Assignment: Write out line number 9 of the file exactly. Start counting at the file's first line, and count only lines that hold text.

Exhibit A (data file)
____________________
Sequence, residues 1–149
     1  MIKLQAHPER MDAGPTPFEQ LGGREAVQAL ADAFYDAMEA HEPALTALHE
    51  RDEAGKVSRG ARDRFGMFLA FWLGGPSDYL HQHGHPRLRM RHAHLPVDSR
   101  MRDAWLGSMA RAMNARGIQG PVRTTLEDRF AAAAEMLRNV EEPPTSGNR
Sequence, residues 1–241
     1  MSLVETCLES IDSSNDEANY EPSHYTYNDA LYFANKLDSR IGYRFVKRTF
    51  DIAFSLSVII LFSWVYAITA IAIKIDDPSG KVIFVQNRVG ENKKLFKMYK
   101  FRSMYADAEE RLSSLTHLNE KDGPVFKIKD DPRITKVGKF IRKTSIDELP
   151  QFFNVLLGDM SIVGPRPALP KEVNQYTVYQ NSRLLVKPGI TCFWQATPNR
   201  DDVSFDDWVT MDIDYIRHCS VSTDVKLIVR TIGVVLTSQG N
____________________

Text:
   151  QFFNVLLGDM SIVGPRPALP KEVNQYTVYQ NSRLLVKPGI TCFWQATPNR